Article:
Kablé (Buffalo Headdress)

By: Adenike Cosgrove Tagged:

Description

The Tussian (called Tusiã, Tusian, Toussian, and Tusya, in various sources) are a small ethnic group in Burkina Faso. All men and some women within the community must be initiated into the (also called Dou) association. The most powerful source of social and religious knowledge, 'small' initiation ceremonies are held biannually and 'great' initiations are held every 40 years during which initiates spend up to three months in the bush learning how to survive. Sacrifices are made during 'great' ceremonies to pay homage to ancestors and to ensure their continued positive involvement in Tussian life.

Male initiates are given new names during these ceremonies—a male initiate is given a name by his father during his first 'small' ceremony. He receives a second name (an animal namesake based on the initiates personal traits) during the 'great' ceremony, replacing the first name given by his father. The animal name given becomes the initiates personal emblem, his totem associated with a guardian spirit.

Among the Northern Tussian, kablé headdresses are created depicting a buffalo, the emblem for initiates named after the animal. They are carved exclusively for families that honour buffalos as their protective spirit animals. These headdresses are danced during performances that welcome initiates back into the community, where the masqueraders mimic the behaviour of the represented animal.

Danced by the head of the lineage, kablé headdresses are also said to be used during annual village purification rituals. The headdresses are used during rites that 'drive out' evil spirits from the village. By doing so, it is hoped that fertility of women and crops in the community is maintained thus leading to increased childbirth, abundant harvests, and the overall health and well-being of the village. Celebrations can last for up to 15 days.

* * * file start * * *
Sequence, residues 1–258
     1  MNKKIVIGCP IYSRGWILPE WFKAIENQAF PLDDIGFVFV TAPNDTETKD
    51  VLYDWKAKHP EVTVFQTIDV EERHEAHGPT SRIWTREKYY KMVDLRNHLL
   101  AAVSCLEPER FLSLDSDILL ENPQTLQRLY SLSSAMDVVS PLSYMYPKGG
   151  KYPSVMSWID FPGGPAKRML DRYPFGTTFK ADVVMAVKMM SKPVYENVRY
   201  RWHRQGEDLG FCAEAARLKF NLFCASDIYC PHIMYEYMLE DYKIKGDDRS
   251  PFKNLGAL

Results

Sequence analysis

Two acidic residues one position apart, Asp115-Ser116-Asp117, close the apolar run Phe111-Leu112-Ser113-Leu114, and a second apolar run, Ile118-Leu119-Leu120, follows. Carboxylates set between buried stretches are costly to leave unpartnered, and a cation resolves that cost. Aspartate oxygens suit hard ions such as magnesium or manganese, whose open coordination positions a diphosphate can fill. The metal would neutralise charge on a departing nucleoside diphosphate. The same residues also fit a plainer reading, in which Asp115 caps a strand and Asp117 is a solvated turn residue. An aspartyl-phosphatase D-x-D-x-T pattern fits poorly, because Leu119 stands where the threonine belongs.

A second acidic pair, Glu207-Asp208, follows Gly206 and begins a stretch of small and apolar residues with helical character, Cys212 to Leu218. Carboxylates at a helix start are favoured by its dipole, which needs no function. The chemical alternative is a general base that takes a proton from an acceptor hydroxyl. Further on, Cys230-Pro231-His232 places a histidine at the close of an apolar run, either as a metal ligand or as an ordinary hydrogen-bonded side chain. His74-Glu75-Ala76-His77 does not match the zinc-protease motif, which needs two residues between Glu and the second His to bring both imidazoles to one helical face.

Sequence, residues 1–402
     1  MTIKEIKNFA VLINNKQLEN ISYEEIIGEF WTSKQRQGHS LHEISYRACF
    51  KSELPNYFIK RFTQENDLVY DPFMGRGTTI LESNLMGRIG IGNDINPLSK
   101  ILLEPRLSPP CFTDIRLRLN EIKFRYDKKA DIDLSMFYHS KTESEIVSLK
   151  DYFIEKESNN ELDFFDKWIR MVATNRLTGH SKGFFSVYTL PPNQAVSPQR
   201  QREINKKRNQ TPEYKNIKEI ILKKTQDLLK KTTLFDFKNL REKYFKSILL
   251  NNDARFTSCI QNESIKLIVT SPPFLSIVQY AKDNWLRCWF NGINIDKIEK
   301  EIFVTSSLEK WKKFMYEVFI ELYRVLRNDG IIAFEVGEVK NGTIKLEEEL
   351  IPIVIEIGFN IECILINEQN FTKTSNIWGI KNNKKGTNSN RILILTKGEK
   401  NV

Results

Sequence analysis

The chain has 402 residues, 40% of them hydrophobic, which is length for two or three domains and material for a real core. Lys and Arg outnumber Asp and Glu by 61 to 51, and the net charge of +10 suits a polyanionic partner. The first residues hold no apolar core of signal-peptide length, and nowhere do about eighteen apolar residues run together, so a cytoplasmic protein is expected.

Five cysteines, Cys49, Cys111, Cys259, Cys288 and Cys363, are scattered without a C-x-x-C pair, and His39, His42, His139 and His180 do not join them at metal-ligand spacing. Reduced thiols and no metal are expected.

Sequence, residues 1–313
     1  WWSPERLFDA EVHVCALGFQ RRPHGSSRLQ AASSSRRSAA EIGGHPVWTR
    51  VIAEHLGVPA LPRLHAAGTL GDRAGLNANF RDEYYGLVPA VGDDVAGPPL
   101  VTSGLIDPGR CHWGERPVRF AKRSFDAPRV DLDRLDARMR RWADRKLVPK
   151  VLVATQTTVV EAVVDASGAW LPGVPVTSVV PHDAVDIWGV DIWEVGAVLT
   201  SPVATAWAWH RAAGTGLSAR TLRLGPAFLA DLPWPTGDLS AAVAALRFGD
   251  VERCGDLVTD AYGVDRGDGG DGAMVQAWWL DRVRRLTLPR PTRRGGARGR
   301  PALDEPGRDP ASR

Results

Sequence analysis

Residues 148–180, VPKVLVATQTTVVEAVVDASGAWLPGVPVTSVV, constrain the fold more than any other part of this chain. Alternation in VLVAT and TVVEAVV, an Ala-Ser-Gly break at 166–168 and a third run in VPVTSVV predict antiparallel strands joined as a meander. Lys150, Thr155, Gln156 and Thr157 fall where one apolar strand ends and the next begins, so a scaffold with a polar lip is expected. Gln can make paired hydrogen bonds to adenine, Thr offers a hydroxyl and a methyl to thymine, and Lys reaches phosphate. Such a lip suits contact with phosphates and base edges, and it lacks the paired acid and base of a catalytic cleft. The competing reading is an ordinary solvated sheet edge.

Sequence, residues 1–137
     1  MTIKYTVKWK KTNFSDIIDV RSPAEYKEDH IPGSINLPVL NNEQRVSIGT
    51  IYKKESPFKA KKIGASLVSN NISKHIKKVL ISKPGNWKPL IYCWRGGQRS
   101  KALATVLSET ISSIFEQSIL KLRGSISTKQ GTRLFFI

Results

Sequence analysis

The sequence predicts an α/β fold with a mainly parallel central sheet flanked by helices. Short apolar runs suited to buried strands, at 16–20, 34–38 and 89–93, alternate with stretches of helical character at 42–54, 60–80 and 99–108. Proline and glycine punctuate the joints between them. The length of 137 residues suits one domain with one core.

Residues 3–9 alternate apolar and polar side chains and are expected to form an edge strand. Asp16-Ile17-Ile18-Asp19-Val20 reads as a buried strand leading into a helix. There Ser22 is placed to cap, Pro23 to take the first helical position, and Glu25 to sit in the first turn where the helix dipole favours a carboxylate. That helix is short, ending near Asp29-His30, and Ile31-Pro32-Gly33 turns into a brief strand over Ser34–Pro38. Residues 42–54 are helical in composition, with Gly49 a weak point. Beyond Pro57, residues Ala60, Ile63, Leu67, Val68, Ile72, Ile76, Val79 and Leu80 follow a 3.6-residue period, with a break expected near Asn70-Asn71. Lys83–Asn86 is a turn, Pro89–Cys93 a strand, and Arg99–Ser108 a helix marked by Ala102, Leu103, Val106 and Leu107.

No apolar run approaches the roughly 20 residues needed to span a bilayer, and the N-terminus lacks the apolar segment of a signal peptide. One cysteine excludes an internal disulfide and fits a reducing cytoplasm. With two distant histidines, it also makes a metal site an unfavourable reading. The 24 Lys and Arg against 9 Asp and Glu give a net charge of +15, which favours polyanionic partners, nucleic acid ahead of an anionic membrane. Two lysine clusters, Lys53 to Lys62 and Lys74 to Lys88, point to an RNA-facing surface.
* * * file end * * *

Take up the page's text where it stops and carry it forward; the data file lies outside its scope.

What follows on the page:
The final context in which kablé headdresses are used is during dry-season funerals of male elders of the community.

At the end of each ceremony, kablé headdresses are kept on the outside wall of the home of its owner.

Distinguishing Features

  • Highly abstract
  • Wooden hemispherical helmet
  • Helmet surmounted by stylised representation of buffalo
  • Pair of broad, flat, curving horns, projects buffalo's head
    • Some examples have additional horns curing upward from helmet itself
    • Some examples have peg-like figures (spirit figures) inserted into holes between the buffalo's horns
  • Flat rectangular head
  • Long, slender legs flank head
  • Head and legs connected by long tubular body
  • Legs connect buffalo head to helmet
  • Tail project vertically downwards from between two back legs
  • Zigzag representation of bird featured at back\
  • Rattan cap attached to headdress interior
  • Blackened wood

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